Obtaining funding to address LGBT health issues had therefore become a vicious cycle where “not enough evidence or data to justify targeted funding” has been used as a justification to deny targeted funds to actually collect data.

This IOM report will hopefully start to change that.

When it comes to health research and public health funding priorities, if one is not counted one does not exist. The IOM report will help remind private and government funders of health research that LGBT individuals have been counted, that we exist, and that we have significant health needs not being adequately addressed – and, in many cases, that are being ignored – in the face of mounting evidence.

The challenge is up to each of us to make the most of this opportunity to help ensure health equity for all LGBT people and communities.

Dr. Francisco O. Buchting is a member of the National Cancer Institute’s Tobacco Research Network on Disparities (TReND) and chair of the steering committee for The Network for LGBT Health Equity at The Fenway Institute.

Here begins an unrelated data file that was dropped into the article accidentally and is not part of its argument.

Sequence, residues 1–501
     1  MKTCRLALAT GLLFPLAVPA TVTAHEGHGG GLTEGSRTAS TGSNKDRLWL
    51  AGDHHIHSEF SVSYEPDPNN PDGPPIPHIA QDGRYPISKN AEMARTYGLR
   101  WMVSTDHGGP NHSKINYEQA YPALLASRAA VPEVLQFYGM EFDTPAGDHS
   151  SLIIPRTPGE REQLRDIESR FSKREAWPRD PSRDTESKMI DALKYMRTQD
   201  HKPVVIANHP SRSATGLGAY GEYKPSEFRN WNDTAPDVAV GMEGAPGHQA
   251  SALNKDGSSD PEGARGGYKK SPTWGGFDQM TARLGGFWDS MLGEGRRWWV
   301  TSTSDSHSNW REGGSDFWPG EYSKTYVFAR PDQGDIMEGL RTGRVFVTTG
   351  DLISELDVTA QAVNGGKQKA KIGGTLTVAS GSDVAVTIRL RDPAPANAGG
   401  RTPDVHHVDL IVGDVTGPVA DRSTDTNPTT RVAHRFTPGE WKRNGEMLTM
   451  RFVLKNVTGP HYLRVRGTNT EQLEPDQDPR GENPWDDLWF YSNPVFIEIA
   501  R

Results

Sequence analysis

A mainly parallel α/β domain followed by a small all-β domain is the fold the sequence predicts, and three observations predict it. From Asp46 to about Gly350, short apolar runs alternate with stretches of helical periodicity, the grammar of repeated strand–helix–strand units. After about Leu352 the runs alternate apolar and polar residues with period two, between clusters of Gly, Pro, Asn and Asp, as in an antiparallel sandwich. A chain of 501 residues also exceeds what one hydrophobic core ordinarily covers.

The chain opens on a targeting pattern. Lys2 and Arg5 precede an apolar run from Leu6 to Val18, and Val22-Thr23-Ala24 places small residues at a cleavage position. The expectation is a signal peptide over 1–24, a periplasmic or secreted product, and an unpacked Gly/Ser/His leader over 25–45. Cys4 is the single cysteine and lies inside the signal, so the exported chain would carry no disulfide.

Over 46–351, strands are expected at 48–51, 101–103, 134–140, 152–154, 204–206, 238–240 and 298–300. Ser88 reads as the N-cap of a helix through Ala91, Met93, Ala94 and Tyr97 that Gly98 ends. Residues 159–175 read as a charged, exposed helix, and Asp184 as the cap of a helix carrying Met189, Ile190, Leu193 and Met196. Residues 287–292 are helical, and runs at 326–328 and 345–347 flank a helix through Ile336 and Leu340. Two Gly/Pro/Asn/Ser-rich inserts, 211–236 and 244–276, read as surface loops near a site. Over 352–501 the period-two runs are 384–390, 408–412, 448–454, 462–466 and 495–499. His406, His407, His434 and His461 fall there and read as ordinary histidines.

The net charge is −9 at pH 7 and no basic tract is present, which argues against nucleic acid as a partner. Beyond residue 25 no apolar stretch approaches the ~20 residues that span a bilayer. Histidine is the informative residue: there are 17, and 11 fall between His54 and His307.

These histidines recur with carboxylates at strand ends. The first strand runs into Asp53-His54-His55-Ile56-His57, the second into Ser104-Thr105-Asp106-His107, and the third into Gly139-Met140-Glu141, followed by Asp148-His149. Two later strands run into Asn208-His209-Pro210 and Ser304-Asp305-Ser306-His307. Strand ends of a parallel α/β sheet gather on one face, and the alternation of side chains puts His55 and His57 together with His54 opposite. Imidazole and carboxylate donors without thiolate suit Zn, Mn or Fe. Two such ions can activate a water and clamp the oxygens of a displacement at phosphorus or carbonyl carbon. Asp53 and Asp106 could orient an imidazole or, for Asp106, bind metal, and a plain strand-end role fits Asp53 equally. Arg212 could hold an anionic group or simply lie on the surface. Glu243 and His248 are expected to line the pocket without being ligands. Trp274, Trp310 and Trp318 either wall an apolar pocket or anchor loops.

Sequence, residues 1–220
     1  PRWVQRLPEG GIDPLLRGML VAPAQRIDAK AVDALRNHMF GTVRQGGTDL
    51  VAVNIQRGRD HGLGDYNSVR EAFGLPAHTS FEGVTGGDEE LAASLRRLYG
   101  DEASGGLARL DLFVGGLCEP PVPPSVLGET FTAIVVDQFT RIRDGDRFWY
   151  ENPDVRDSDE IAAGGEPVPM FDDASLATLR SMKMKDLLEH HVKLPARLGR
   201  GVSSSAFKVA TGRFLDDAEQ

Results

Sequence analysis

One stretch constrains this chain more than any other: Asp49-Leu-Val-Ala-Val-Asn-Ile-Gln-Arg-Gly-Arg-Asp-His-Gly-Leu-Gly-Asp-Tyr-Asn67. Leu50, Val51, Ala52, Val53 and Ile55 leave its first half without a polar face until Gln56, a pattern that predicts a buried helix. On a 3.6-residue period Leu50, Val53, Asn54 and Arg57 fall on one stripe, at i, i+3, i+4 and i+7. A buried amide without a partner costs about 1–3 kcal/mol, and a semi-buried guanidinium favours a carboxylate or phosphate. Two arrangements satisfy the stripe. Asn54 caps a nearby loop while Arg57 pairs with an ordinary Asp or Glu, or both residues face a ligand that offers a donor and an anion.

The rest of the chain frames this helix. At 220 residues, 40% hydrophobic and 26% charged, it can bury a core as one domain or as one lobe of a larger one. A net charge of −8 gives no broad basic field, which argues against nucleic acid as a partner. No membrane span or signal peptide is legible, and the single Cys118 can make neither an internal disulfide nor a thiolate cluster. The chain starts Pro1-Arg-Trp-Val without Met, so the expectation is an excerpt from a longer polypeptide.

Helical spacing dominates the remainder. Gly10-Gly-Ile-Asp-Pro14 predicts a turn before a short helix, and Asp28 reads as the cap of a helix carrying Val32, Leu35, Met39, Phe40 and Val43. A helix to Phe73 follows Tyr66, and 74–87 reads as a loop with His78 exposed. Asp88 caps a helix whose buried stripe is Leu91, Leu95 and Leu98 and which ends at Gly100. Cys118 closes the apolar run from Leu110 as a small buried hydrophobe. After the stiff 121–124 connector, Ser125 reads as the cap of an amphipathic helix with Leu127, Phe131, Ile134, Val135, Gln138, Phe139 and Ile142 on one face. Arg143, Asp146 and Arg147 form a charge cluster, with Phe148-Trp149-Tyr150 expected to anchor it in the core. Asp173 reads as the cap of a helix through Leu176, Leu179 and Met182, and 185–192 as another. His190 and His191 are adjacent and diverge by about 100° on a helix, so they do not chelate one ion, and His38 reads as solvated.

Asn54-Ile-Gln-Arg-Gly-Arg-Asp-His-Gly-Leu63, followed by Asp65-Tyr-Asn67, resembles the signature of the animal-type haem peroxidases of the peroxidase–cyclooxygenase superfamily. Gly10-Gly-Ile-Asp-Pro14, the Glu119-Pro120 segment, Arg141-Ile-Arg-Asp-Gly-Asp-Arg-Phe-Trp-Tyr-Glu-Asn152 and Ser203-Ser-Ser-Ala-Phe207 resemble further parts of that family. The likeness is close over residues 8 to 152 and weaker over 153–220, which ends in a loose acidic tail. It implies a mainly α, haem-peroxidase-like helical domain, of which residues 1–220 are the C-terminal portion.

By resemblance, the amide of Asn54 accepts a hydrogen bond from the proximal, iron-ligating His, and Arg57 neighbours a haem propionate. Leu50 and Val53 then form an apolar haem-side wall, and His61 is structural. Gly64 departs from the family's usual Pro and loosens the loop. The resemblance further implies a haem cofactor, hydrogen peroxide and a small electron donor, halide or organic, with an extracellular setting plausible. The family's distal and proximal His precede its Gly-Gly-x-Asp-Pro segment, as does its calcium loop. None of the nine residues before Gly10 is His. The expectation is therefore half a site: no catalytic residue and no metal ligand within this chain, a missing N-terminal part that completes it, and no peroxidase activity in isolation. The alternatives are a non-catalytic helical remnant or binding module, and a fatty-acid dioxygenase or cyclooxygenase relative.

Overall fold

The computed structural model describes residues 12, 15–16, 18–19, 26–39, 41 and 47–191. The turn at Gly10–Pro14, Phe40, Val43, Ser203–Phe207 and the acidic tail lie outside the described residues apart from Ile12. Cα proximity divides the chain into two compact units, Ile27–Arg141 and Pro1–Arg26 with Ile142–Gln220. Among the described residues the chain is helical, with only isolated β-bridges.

Is This The Biggest 48 Hrs Ever for LGBT Health?

Scout

Scout, Ph.D., Network Director

Scout
Director, Network for LGBT Health Equity
The Fenway Institute, Boston, MA

Report issued by Institute of Medicine on March 31, 2011.

Today at 11 am sharp the feds released the long awaited Institute of Medicine Report (IOM) on LGBT Health, or as we’re calling it in Twitterland #LGBTIOM. This report finally brings the often forgotten subject of LGBT health firmly into the light of day. Changes may or may not come from it, but we will never have to work as hard again to prove LGBT health disparities exist. Now we can just say, read all about it.

I waited over my computer till 11 am thinking I was itching to read every inch of the tome. But apparently what I was really more interested in was, how much press was this getting? Luckily my home organization, The Fenway Institute, brought in some expert help to make sure press was gotten, the great folk at Renna Communications. Two of our scientists, including one of my mentors, Judy Bradford, helped write the book, so it’s good to get that news out. See our special page on it here.